If the quote you get is different from the final premium you end up paying, it may be because the information you’ve given your broker is not quite right. Maybe you forgot a ticket you got a few years ago, or you don’t remember exactly when you got your license. When the insurance company later verifies this information, the premium can change.

    In the case of quotes you get from online quoting sites, these are quite often wrong, because the quoting programs are designed more to be user-friendly than to be accurate. They don’t collect all of the detailed information that’s needed for an accurate quote. When you call a broker, they have a system they use to generate quotes, and they walk you through the questions. They get special training in how to ask the questions and how to use the system, so they can get you the price that the insurance company will actually charge.

    To get the most accurate quotes, avoid online quoting websites, and confirm all of your information before you call a broker for a quote. Here is a link to every question in the quoting software and the application.


    Misconception or Complaint:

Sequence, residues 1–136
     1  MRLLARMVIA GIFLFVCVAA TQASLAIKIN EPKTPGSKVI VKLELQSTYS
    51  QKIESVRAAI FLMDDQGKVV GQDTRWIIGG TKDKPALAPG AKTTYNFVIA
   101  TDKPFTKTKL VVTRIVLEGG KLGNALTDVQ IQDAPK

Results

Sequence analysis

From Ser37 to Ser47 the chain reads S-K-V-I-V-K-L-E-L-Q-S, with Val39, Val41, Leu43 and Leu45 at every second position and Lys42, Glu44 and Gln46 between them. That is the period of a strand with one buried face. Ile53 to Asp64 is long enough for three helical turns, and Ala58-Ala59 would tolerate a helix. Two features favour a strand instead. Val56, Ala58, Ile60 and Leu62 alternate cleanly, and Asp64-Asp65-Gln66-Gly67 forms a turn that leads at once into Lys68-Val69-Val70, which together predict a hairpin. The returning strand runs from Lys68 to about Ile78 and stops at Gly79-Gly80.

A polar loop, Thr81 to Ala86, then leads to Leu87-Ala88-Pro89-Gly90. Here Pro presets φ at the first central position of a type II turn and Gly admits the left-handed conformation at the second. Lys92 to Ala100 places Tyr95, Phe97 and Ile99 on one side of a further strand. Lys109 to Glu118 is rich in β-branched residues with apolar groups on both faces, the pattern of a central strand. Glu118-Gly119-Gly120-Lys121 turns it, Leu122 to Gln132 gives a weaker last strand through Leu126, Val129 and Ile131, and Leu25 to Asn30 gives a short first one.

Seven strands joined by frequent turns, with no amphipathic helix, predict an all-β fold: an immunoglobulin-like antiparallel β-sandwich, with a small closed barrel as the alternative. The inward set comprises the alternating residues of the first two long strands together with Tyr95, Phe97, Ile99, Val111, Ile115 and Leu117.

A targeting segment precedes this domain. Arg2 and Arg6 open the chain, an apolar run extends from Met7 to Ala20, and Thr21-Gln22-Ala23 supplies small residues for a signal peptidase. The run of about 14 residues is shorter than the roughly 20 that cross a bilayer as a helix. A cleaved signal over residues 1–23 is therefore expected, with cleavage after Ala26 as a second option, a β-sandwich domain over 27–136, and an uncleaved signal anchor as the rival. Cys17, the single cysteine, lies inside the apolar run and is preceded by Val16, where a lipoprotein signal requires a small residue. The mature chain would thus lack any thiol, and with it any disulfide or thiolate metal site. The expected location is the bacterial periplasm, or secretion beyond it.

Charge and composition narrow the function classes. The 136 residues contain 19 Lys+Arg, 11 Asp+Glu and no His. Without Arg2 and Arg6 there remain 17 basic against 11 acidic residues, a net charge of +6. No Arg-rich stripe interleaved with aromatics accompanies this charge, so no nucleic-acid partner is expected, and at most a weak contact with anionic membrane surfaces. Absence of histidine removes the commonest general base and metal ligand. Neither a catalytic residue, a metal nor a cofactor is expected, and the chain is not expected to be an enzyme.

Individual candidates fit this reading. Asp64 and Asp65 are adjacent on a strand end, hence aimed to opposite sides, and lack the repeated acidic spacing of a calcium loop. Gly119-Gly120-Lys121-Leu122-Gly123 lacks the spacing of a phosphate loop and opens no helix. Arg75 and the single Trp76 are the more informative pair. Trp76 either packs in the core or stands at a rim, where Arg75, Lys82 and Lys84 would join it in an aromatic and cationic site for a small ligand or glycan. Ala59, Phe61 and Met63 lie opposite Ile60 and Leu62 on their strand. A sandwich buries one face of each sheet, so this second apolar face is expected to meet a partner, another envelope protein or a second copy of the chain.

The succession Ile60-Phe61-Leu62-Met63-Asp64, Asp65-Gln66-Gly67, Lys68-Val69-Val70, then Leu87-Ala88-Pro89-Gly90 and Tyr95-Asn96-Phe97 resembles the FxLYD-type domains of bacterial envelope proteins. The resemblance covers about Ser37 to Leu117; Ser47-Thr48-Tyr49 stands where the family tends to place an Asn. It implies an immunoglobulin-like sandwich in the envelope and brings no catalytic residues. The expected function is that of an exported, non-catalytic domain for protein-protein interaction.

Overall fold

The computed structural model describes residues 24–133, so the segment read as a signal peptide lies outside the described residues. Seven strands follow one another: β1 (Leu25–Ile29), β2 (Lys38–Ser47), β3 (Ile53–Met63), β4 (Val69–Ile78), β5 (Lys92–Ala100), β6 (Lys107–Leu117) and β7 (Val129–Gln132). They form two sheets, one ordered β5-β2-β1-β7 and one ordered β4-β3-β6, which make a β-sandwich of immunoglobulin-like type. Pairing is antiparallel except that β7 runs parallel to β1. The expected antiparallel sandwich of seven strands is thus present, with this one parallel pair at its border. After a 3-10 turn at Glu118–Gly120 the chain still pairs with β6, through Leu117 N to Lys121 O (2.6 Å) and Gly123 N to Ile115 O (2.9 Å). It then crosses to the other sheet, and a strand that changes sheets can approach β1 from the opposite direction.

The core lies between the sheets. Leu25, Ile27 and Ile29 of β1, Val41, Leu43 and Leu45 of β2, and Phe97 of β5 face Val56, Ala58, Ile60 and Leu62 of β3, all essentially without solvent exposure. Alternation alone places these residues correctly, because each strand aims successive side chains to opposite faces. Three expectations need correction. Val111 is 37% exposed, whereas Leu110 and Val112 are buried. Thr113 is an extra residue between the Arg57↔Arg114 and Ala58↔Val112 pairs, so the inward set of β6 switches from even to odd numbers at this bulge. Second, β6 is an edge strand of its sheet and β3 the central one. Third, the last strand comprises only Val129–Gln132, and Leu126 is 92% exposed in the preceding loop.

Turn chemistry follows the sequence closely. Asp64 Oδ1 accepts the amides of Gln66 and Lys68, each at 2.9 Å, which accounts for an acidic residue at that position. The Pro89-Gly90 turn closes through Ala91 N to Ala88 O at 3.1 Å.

Insurance companies charge as much as they want.

    Reality: Ontario is a tightly regulated insurance market, especially for auto insurance.

    Every company that sells auto insurance in Ontario answers to the Financial Services Regulatory Authority (FSRA). They submit the rates that they would like to charge to FSRA (rate filing), along with detailed claims numbers to support the rate filing. FSRA approves the rates as-is or asks the company to try again, based primarily on two considerations: 1) Fairness to consumers; and 2) Financial stability of the insurer (and ability to continue paying claims).


    3. Claims

    My Claim Was Denied

    Misconception or Complaint:

    Insurance companies can deny my claim just because they don’t want to pay.

    Reality: What is covered and what is not covered is all detailed in your policy, which is a contract between you and your insurance company. If there is some question as to whether something is covered or not, insurance companies usually err in favour of the claimant.
    Insurance is always intended to protect you against sudden and accidental events. Certain damage or losses that are predictable are almost never covered. For example, if you live on a flood plain, where flooding happens every few years, you are unlikely to be covered if your basement suffers water damage from water that got in from outside the house.

    If you read your policy, you’ll see two things that can limit your coverage. Exclusions are events that are never covered under your policy. Policy limits are dollar limits that can apply to the entire policy, or to certain types of claims. If you read your policy carefully, it should be clear what is covered and what isn’t.


    My Claim Isn’t What it Should Be

    Misconception or Complaint:

    My insurance company only gave me half what my car was worth when my car was written off in an accident.